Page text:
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Report clears police of brutality towards anti-fracking activists at Barton Moss

An independent report has cleared police of brutality in dealing with anti-fracking protestors at Barton Moss in Salford.

It says Greater Manchester Police must improve the way it handles major demonstrations.

But protestors say the report is a whitewash - their solicitor argues most of the people arrested by officers went on to have all charges dropped against them.

This report from Tim Scott:


Policing costs of anti-fracking protest now £1.6 million

Anti-fracking protesters in standoff with police at Barton Moss. Credit: ITV Granada

Greater MAnchester police are applying for Home Office funding to cover the cost of policing the Barton Moss anti-fracking protest, which has now run to £1.6m.

Police and crime commissioner Tony Lloyd has written to policing minister Damian Green appealing for financial help as the protests continue.

Environmental campaigners have been camped on land off Barton Moss Lane, in Eccles, since November in protest against test drilling for shale gas by IGas.

Mr Lloyd said: "This is being funded from the general police budget, which could be better spent on local policing."

“We don’t think this is unreasonable, particularly since central Government has made clear that fracking is a priority for them in coming years.

Fracking protest 'heated' amid possible appeal

An ITV reporter says the atmosphere became "heated" Credit: ITV

Anti-fracking protesters in Salford exchanged heated words with police officers, after hearing that judges could look again at plans to force them from their protest camp.

The demonstrators had been given until midday today to leave the site at Barton Moss, under an order granted to landowners Peel.

But the encamped activists gained a stay from eviction, while judges in the Appeal Court decide whether to review the case.

The exchanges eventually "cooled" at the site Credit: ITV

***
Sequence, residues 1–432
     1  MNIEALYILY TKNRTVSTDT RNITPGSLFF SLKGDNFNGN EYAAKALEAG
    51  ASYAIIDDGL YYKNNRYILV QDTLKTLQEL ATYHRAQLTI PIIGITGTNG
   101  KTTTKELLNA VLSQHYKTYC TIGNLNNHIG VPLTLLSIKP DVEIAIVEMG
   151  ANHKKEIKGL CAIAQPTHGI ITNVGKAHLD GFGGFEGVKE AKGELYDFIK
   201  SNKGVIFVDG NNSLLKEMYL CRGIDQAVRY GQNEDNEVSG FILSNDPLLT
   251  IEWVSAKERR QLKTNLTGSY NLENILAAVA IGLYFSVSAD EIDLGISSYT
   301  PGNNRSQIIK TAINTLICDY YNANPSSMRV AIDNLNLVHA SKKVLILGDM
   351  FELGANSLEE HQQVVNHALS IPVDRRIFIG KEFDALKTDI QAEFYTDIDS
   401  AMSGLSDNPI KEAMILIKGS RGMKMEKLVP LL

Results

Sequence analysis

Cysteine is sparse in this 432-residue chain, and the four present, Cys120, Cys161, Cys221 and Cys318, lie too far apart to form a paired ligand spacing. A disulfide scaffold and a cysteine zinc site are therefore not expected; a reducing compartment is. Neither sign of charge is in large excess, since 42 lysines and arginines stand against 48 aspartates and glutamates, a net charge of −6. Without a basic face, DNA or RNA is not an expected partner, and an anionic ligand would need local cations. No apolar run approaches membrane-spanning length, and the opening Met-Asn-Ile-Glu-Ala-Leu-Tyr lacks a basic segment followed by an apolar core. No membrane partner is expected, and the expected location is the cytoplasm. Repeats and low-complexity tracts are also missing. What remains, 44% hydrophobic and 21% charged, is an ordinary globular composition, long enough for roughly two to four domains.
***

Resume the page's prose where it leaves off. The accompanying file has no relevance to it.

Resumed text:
ITV News reporter, Daniel Hewitt, said the atmosphere eventually cooled and police got the situation "under more control". He says protesters returned to singing, rather than shouting.

Anti-fracking protesters stay for possible appeal

Protesters camped outside the drill site Credit: PA

Anti-fracking groups camped outside an exploratory drill site in Salford, are staying put while the Appeal Court considers an eviction order.

The landowner, Peel, secured the right to remove demonstrators from their land at Barton Moss.

That order was due to become effective at midday today, but senior judges will now decide whether to re-examine the case.

It means protesters will add another few days to a campaign that began late last year. They surrounded the site when another firm, iGas, began testing for gas.


Time is running out for anti-fracking campaigners

Camp at Barton Moss Credit: PA

Anti-fracking protesters at a drill site in Salford have until midday today to vacate their camp or be evicted.

A judge granted a possession order to landowners Peel Holdings yesterday.

The protesters have been camped at the site since last November protesting against iGas who are test drilling for shale gas.

Their demonstrations have triggered a large scale police operation to ensure trucks, equipment and staff can reach the drill site.

VIDEO: Eviction notice served on anti-fracking protesters

An eviction notice has been served on anti-fracking protesters camped outside an exploratory drilling site in Salford.

The protesters have until tomorrow lunchtime to leave the site at Barton Moss, if they cannot appeal the possession order won today by the landowner Peel Investments.

Some have already decided to leave, but they say the fight against drilling for shale gas continues.

  1. Daniel Hewitt

Most anti-fracking protesters stay put

Most protesters I spoke to said they will be leaving the camp at 12pm tomorrow if their appeal is unsuccessful. Until then though they're stating put, with only a few signs of people packing their things and preparing to leave.

But everyone I spoke to insist they're not leaving the local area altogether. They say they willsimply set up camp somewhere else in the community, and return to Barton Moss everyday to protest against fracking.

Some anti-fracking protesters pack-up and leave

Demonstrators dismantle their tent at Barton Moss Credit: ITV

A small number of anti-fracking protesters in Salford are leaving their camp at a drill site, ahead of a court-ordered eviction.

A judge in Manchester gave them until midday tomorrow to vacate the site at Barton Moss, after a court action by landowners Peel.

The firm owns the land on which another company, iGas, is test drilling for shale gas.

Demonstrators protesting against those tests have been encamped at Barton since late last year.

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